213. At its 12th plenum in March 1992, the International Committee drew the following conclusion from the collapse of the GDR and the Soviet Union: “The intensification of the class struggle provides the general foundation of the revolutionary movement. But it does not by itself directly and automatically create the political, intellectual and, one might add, cultural environment that its development requires, and which prepares the historic setting for a truly revolutionary situation. Only when we grasp this distinction between the general objective basis of the revolutionary movement and the complex political, social and cultural process through which it becomes a dominant historical force is it possible to understand the significance of our historical struggle against Stalinism and to see the tasks that are posed to us today.”
214. The International Committee, however, also opposed the position that the restoration of capitalism in the Soviet Union and China had resolved the crisis of imperialism and overcome its contradictions. The opposite was the case: “From a world historical standpoint the collapse of the East European regimes and the post war order as a whole means that all of the fundamental contradictions of imperialism re-emerge at a much higher level. Rather than beginning a new triumphant period of capitalist growth, imperialism in fact stands on the brink of a new bloody epoch of wars and revolutions. In other words, the contradictions which have come into play cannot be resolved in a peaceful manner. This is the issue which confronts the working class. It must resolve the crisis in a progressive way. Otherwise it will be resolved by capitalism in a very reactionary way.”
215. Only from this international standpoint was it possible to correctly understand the events in the GDR and the Soviet Union and draw the necessary conclusions. “Our perspective is that we are entering a long period of revolutionary upheavals. There will, of course, be ups and downs. There can also be setbacks, even serious setbacks. What is absolutely excluded is any rapid solution to the historical questions thrown up by the collapse of post war social relations. These issues can only be resolved within the arena of international class struggle.”
216. The International Committee devoted considerable attention to the problem of socialist culture and the development of a socialist consciousness amongst workers. It undertook a systematic struggle against the post-Soviet school of historical falsification and historians such as Martin Malia, Richard Pipes and Dmitri Volkogonov, who sought to corroborate the thesis that socialism had failed by falsifying the history of the Russian Revolution. In this work, the IC collaborated closely with the Russian historian Vadim Rogovin, who, in his seven volume work on the Trotskyist Left Opposition, clearly demonstrated that there was a progressive alternative to Stalinism. At the same time, the IC expanded its work on cultural questions and sought to revive the intellectual traditions of the Left Opposition, which took such issues seriously. To this end, Mehring Verlag published new editions of Leon Trotsky’s Literature and Revolution and Problems of Everyday Life, as well as the first German edition of Art as the Cognition of Life by Aleksandr Voronsky.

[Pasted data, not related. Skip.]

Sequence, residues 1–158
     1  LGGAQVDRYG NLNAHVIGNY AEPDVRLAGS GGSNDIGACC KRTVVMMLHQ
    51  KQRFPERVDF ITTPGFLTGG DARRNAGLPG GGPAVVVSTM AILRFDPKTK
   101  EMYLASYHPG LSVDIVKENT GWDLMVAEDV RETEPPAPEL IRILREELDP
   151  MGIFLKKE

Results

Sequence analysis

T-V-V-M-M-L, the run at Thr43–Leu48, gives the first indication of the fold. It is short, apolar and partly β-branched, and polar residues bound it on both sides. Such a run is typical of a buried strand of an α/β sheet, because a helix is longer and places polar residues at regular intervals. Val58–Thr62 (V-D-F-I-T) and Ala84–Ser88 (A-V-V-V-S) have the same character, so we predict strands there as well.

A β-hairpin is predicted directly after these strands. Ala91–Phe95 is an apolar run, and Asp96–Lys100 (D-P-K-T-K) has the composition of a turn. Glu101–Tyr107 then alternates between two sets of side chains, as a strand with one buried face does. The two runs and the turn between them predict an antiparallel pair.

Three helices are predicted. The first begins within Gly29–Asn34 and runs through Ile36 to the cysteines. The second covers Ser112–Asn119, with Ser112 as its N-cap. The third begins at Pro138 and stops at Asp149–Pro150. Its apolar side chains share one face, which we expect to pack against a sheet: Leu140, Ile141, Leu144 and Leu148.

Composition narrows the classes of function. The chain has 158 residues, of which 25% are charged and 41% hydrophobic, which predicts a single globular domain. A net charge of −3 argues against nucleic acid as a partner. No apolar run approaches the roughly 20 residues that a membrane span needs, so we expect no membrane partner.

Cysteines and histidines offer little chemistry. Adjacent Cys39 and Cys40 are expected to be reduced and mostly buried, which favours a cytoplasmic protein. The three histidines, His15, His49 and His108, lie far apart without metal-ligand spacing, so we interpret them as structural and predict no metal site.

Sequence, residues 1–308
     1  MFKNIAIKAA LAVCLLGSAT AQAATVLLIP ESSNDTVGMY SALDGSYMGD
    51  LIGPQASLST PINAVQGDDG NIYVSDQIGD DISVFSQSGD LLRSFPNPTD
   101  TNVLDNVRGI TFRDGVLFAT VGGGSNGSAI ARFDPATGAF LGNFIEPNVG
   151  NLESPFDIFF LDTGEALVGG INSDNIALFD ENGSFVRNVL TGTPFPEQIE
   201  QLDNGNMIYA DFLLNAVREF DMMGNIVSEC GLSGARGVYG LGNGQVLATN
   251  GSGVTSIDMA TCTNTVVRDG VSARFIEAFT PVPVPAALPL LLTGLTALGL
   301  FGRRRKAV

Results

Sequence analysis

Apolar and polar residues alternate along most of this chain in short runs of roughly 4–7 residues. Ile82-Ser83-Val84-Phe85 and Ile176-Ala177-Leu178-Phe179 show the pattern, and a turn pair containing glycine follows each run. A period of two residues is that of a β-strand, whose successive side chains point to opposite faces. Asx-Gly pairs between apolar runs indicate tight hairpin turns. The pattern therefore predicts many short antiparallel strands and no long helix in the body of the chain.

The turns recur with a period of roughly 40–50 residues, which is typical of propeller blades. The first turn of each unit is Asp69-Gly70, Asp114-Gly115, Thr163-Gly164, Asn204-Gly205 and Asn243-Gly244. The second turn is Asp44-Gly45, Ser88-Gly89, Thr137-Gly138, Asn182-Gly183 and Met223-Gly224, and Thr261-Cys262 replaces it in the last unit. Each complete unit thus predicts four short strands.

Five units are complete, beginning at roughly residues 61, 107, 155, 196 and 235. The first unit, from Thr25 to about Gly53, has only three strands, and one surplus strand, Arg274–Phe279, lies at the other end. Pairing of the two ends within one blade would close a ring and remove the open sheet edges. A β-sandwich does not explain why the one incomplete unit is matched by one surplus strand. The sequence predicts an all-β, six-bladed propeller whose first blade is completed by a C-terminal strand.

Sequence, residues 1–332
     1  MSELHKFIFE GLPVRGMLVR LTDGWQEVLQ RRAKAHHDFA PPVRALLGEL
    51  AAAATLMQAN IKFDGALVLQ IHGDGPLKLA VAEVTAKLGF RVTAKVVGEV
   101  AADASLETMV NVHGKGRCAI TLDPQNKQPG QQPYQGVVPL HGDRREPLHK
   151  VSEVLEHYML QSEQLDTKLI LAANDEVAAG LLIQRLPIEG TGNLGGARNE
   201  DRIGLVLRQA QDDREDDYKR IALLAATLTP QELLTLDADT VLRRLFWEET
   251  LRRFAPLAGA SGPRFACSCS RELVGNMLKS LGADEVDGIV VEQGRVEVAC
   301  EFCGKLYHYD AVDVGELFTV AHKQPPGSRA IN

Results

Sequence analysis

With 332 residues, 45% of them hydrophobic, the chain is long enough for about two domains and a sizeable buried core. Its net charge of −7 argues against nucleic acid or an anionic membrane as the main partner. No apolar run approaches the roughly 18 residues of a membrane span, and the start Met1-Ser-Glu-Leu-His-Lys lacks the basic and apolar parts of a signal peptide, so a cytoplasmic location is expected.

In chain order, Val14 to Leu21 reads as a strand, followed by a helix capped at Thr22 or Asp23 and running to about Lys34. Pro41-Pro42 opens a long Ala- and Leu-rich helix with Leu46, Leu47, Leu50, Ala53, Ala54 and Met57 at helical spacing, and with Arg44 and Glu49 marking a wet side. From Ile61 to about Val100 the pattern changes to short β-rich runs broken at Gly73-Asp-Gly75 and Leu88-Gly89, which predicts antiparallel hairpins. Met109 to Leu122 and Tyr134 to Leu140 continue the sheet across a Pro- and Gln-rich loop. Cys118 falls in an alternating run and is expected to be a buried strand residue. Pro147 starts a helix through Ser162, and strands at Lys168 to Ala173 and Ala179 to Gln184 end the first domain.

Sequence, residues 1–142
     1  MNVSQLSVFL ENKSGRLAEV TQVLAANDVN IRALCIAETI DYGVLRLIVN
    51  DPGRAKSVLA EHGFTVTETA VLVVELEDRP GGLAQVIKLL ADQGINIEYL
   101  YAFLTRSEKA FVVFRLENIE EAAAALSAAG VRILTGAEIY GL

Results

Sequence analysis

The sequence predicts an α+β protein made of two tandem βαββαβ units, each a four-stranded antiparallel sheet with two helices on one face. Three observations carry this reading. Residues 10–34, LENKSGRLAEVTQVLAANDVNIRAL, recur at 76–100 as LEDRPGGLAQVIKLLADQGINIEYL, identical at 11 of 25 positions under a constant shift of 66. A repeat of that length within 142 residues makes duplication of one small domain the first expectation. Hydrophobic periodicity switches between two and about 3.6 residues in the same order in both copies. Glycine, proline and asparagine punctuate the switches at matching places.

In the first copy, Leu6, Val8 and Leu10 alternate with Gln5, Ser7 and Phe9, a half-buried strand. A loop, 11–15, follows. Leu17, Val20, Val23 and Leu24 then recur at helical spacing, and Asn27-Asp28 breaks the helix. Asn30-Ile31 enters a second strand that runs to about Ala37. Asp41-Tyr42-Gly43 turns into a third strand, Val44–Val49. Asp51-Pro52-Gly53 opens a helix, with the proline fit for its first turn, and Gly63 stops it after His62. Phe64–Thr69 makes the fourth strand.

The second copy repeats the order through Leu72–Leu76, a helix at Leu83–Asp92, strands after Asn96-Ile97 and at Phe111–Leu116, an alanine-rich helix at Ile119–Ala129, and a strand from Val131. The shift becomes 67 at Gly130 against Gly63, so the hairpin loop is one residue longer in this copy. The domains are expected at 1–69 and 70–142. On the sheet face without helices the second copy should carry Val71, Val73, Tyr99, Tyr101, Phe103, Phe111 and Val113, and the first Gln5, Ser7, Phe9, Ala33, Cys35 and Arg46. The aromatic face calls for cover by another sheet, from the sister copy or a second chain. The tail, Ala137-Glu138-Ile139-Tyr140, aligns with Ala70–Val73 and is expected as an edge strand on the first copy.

What is happening in the USSR? Gorbachev and the Crisis of Stalinism, March 23 1987.
Lecture by D. North at the Historical-Archival Institute, Moscow, November 1989.
For the international unity of the working class in the struggle against Stalinism and capitalism! For the United Socialist States of Europe!, in Das Ende der DDR, Essen 1992.
Der Spiegel, September 9, 1991.
Hans Modrow, Aufbruch und Ende, Hamburg 1991, p. 145.
Hans Modrow, op. cit. p. 65, 145.
For the international unity of the working class in the struggle against Stalinism and capitalism! For the United Socialist States of Europe!, in „Das Ende der DDR“, p. 187-88.
Das Ende der DDR, Essen, op.cit. pp. 119, 123.
David North, The chain of imperialism breaks at its weakest link, Fourth International, Vol. 16.
WL Internal Bulletin, Vol 4, No 3 February 1990.
The Struggle for Marxism and the Tasks of the Fourth International, Report by David North, March 11 1992, Fourth International, Volume 19, No 1 Winter 1992, p. 74.
David North, The chain of imperialism breaks at its weakest link, Fourth International, Vol. 16.
David North, The crisis of Stalinism and the perspective of socialist world revolution, Fourth International, Vol. 17.